According to the magnetic powder producing method and the dust core producing method of the invention, the dust core produced has sufficiently small core losses such as iron loss and hysteresis loss and sufficiently high strength.

BRIEF DESCRIPTION OF DRAWINGS

FIG. 1 is a perspective view showing an example of the shape of a dust core in a preferred embodiment;

FIG. 2 is a flowchart showing a dust core producing method in the embodiment;

FIG. 3 is an enlarged view of powder obtained by a water atomizing method;

FIG. 4 is an enlarged view of the powder obtained by the water atomizing method and then subjected to a jet mill treatment and an annealing treatment;

FIG. 5 is a sectional view of the powder showing an example of a crystal grain boundary and a powder circumference;

FIG. 6 is a graph to explain a difference in spheroidized shape according to a jet mill treatment time;

FIG. 7 is a graph to explain a difference in crystal grain diameter between presence and absence of the jet mill treatment and the annealing treatment;

FIG. 8 is a graph to show changes in the quantity of carbon in the jet mill treatment and the annealing treatment;

FIG. 9 is a graph to explain a difference in hysteresis loss between powder treatment methods;

FIG. 10 is an explanatory view showing a radial crushing test method; and

FIG. 11 is a graph to show a difference in strength between the powder treatment methods.

EXPLANATION OF REFERENCE CODES

    • 20 Dust core
    • Step (2) Jet mill treatment step
    • Step (3) Annealing treatment step

BEST MODE FOR CARRYING OUT THE INVENTION

A detailed description of a preferred embodiment of the present invention will now be given referring to the accompanying drawings. In the present embodiment, the invention is applied to a dust core made of magnetic powder by compaction.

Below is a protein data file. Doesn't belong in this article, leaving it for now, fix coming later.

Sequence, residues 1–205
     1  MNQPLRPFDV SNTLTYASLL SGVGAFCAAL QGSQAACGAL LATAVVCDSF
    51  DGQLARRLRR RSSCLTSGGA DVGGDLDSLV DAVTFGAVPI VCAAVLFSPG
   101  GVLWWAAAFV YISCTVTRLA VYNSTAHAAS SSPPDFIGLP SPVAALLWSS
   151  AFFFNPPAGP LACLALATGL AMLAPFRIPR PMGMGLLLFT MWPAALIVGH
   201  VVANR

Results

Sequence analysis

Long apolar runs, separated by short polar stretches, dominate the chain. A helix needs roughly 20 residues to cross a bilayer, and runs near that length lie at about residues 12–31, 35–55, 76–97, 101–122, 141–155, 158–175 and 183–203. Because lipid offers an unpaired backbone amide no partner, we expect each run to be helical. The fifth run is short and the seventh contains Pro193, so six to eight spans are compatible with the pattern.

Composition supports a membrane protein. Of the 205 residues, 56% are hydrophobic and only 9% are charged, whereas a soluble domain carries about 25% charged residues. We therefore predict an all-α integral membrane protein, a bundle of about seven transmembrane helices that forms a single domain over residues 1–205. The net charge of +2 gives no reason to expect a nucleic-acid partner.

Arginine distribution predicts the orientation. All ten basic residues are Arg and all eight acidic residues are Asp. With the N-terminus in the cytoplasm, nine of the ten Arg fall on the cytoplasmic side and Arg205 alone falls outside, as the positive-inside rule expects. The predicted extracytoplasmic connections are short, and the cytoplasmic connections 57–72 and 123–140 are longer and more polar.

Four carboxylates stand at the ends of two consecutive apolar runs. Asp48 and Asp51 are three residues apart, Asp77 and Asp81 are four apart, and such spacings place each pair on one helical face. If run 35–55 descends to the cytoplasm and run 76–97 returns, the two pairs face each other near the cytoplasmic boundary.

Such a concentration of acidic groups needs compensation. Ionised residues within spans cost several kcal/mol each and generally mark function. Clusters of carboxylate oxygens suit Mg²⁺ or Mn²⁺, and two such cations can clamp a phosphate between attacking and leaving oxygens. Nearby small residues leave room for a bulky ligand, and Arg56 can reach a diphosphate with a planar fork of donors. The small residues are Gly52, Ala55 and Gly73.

FIG. 1 shows an example of the shape of a dust core in this embodiment. This dust core 20 is made of magnetic metal powder by compaction using a die to integrally form a tooth 21 and a yoke 22. The tooth 21 is a part on which a coil will be wound in concentrated winding to function as a core. In the invention, the dust core may have any shape.

The dust core producing method of this embodiment is, as shown in FIG. 2, achieved by the following six steps in order:

    • (1) Production of raw powder;
    • (2) Jet mill treatment;
    • (3) Annealing treatment;
    • (4) Coating treatment;
    • (5) Compacting;
    • (6) Heating treatment.

In the raw powder producing step (1), firstly, raw magnetic metal is powderized by the water atomizing method. The raw magnetic metal is preferably an Fe—Si material containing 1% or more Si. The powder obtained by the water atomizing method contains variously shaped particles as schematically shown in FIG. 3. They are also largely different in size. Furthermore, an oxide layer is formed on surface of particles.

In the next jet mill treatment step (2), the powder obtained in (1) is subjected to the jet mill treatment or may be subjected to a ball mill treatment. Accordingly, the convex portions are chipped away from each powder particle, which is slightly spheroidized, and simultaneously the oxide layer is removed from the surface.

In the annealing treatment step (3), successively, the annealing treatment is performed. An annealing temperature in this treatment is preferably determined to be about 980° C. or more at which austenite transformation occurs. Vacuum annealing is more preferable. “Vacuum” in this vacuum atomizing treatment does not mean so-called ultrahigh vacuum but represents a state where the pressure is reduced to a certain level. FIG. 4 schematically shows the powder obtained after the jet mill treatment (2) and the annealing treatment (3) applied to the water-atomized powder obtained in (1). As shown in FIG. 4, the powder having been subjected to the annealing treatment is rather nearly spherical as compared with the powder as water-atomized shown in FIG. 3 and the crystal grain diameter of the powder is also enlarged. As mentioned later, it is more decarburized than before the annealing.